Paul Oxton, the founder of Wild Heart Wildlife Foundation, once said, “If you are not filled with overflowing love, compassion, and goodwill for all creatures living wild in nature, you will never know true happiness.” In 1969, John Rendall and Anthony Burke purchased a captive-bred lion cub from a department store in London and named him Christian. Soon, with help from wildlife conservationist George Adamson, they released Christian into the wild in Africa. A year later, when Rendall and Burke decided to visit Christian in the wild, they probably had no expectations. But when Christian saw the pair, he leaped at them with utter joy, smothering them with his love. What’s more, the lion not only remembered his humans but also introduced them to his pride, who accepted the two men willingly!
It’s no wonder the video that captured this reunion went viral online. How often do we get to witness the special bond humans share with the wild? While not all have an incredible tale to tell like Rendall and Burke, conservationists, writers and photographers do experience the wild more closely than many of us.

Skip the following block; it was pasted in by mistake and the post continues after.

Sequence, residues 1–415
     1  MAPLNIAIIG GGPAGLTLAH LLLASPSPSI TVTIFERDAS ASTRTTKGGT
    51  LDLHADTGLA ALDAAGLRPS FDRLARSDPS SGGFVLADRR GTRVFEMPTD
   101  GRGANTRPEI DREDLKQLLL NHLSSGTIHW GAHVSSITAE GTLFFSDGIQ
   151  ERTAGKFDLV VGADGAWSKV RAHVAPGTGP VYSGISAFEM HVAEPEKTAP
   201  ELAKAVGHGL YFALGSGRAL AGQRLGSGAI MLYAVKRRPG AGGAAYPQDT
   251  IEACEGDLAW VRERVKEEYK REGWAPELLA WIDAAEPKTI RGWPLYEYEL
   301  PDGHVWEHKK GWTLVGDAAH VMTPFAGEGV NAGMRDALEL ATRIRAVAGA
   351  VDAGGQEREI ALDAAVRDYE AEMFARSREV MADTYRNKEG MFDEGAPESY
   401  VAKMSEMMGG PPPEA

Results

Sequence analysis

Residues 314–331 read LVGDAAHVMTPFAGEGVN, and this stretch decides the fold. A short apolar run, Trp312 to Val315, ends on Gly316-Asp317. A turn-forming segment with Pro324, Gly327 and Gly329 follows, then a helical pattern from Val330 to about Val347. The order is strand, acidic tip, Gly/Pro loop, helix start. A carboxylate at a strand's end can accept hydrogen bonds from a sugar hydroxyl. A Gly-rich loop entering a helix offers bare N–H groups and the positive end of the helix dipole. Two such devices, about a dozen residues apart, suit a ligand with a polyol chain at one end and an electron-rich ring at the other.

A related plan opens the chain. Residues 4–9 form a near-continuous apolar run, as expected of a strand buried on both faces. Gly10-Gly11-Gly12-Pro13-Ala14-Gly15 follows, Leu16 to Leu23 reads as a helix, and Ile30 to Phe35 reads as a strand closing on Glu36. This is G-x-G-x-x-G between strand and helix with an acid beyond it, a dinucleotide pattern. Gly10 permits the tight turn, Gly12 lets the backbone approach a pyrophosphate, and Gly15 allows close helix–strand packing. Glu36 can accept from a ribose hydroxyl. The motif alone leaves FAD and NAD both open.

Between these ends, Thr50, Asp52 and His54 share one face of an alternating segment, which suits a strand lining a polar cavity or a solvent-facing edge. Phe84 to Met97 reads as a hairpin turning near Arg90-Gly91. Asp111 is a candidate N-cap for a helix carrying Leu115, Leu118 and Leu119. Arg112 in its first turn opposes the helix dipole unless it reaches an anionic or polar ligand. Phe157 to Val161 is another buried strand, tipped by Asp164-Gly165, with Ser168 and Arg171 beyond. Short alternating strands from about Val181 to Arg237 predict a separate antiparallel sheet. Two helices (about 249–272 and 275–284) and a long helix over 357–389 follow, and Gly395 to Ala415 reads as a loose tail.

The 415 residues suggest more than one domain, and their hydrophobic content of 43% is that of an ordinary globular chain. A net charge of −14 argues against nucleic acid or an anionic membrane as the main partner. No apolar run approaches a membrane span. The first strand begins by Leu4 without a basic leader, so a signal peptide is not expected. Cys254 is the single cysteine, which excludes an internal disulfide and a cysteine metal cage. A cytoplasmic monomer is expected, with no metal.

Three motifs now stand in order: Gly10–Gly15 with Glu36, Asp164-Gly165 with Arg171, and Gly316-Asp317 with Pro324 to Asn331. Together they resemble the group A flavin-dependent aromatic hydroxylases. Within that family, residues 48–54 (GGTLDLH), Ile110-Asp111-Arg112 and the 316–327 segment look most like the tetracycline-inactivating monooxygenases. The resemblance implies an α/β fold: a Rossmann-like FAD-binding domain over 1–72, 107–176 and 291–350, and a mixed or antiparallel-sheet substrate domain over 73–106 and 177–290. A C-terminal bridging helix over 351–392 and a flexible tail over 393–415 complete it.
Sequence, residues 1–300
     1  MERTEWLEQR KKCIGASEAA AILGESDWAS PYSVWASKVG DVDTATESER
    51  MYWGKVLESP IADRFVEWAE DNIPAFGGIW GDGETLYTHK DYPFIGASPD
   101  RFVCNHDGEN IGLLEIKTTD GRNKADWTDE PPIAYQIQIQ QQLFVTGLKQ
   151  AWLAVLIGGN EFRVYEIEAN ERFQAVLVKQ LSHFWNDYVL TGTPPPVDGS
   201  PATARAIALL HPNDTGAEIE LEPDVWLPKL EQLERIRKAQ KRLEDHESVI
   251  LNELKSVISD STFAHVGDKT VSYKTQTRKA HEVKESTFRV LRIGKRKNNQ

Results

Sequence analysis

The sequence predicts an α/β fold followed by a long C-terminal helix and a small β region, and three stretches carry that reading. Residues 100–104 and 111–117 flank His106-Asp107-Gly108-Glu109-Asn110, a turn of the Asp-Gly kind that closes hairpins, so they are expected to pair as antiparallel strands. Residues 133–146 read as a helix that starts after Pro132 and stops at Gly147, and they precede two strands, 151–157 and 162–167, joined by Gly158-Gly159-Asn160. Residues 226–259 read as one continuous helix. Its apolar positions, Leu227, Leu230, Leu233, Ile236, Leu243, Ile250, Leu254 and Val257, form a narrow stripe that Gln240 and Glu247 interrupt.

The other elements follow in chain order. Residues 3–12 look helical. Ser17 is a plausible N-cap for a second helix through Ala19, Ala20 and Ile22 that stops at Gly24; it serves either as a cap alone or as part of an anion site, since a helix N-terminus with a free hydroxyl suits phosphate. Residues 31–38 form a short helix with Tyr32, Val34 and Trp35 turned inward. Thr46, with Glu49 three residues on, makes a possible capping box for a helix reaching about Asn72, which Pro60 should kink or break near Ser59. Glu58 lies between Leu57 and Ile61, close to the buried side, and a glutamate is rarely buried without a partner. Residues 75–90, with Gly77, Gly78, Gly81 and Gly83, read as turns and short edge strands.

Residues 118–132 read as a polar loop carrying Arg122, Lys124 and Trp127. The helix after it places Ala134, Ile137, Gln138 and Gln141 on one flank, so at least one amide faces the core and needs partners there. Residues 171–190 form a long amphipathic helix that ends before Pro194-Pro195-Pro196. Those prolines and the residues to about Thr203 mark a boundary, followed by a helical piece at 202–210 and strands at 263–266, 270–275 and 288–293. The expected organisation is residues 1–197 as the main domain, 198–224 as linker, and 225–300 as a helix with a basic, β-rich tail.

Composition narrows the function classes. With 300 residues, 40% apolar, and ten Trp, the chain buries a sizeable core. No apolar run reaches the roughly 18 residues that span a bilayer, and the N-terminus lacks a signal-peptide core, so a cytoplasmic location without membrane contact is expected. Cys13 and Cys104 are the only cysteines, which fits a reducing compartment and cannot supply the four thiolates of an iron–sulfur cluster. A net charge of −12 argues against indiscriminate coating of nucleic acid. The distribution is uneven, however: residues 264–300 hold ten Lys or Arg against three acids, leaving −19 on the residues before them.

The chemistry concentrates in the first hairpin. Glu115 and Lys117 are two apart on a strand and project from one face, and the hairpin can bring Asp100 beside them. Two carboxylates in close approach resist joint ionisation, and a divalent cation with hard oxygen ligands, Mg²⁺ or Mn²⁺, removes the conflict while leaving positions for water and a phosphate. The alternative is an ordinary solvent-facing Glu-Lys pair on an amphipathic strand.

For some, bonding with the wild is a calling. Wildlife conservationists live a life dedicated to saving creatures–big and small–finding deep satisfaction in what they do. It’s no easy feat conserving the wild though. A conservationist’s job is one of patience. It can be a long-drawn and many a time rather frustrating process. The intense work, extensive research, the several years of seemingly endless projects, and the time away from home can all seem a little too daunting for many. But a professional knows fully well that caring for wildlife is a long-term goal, whose results can take several years to fructify. And it’s exactly what Shashank Dalvi’s anecdote tells us.
In 2012, Shashank and a team of other wildlife conservationists and biologists headed to the Doyang Reservoir in Nagaland. They intended to find out the truth about the rumours they’d heard about amur falcons–small birds of prey–being hunted in the region. And what they found shocked them. “Every year, in a span of 10-12 days of the migratory period, over one lakh amur falcons were being killed! So, we started our work by educating the locals through eco camps in 2013. From then until now, not a single amur falcon has been shot down in that region again,” Shashank says. The resounding success of this initiative has made it one of his most fruitful experiences in the field. Projects such as this one keep his passion for conservation growing.